NC State in 1946 was looking for a new nickname and mascot. Until then they were called the "Red Terrors.'" But the contest to find a new nickname — which offered six season passes for football as a prize — drew some rather uninspiring entries: The North Staters, the Cardinals, the Hornets, the Cultivators, the Cotton Pickers and the Pine-Rooters (a down-east name for pigs), the Auctioneers and the Calumets. The latter two were in reference to tobacco auctions that had been common for nearly 200 years in the state.
In the end, there were more letters in support of retaining the Wolfpack nickname than anything else, which inspired a mechanical engineering student named Ira Helms to build a seven-foot tall mechanical robot with size 16 feet and a 120-inch chest. It was hollow inside and Helms climbed inside the contraption for the 1946 football game between NC State and Wake Forest.
It was so hot that Helms refused to climb inside again, but the mascot was considered a lucky charm during the team’s 8-2 regular season, which earned the school its first bowl bid. The Wolfpack lost to Oklahoma in the Gator Bowl, 34-13, with the mechanical wolf in attendance. But it was retired after the season.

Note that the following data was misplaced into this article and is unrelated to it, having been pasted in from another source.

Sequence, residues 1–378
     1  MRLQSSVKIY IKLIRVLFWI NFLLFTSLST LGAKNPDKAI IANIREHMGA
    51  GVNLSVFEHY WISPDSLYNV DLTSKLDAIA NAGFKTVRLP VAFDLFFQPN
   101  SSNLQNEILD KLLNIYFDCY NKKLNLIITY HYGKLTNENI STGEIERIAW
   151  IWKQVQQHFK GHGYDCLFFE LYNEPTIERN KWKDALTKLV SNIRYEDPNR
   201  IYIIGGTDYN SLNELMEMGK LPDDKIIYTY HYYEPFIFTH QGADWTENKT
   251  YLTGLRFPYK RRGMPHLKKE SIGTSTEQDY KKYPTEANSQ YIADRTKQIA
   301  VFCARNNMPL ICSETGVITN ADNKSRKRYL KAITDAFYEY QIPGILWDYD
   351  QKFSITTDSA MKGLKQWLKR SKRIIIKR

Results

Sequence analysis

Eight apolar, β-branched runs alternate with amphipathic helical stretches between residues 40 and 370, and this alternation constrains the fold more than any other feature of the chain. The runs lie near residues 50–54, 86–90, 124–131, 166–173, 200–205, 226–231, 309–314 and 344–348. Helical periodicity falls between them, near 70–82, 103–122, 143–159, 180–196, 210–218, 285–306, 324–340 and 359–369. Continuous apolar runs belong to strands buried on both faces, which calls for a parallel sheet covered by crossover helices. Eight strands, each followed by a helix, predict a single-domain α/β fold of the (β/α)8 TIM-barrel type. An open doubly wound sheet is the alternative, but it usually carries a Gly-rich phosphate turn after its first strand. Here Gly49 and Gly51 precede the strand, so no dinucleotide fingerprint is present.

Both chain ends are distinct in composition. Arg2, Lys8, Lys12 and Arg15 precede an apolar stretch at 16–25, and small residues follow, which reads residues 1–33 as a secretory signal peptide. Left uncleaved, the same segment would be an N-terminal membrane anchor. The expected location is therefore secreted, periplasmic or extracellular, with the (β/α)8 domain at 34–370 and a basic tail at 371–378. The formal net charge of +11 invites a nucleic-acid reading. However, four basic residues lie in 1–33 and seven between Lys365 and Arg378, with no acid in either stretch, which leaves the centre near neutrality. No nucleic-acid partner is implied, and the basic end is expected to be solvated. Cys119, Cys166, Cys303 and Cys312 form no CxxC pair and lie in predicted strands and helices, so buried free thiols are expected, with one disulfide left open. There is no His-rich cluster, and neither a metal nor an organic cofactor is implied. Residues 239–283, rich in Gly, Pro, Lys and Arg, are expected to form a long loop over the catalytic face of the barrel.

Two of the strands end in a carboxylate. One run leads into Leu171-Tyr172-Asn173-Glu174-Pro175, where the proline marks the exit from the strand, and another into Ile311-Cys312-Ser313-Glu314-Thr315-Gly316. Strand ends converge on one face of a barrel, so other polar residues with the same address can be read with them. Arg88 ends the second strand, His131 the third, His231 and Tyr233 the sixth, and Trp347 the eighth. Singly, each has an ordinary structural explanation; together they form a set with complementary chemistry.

All athletic teams adopted the nickname “Wolfpack” in 1947 and cheerleaders continued to use live wolves, nicknamed “Lobo,” when they could be found, as mascots for football. In 1966, a new wolf, Lobo III, was purchased to commemorate the opening of Carter Stadium.
However, following the season, an NC State zoology professor named Fred Barkalow discovered that Lobo III was actually a coyote, not a wolf. In the fall of 1967, the Wolfpack was called the “Kool Kyoties,” a name that was popularized by Sports Illustrated following the Wolfpack’s stunning upset of No. 2-ranked Houston.
Throughout the 1950s and ’60s, however, the cheerleading team also used a student in a wolf costume to rally the crowds at football and basketball games. He was called “Mr. Wuf.” When the school added women’s athletics in 1975, a female wolf mascot was introduced as well. She was called “Ms. Wuf.”
Wednesday, October 15, 2008
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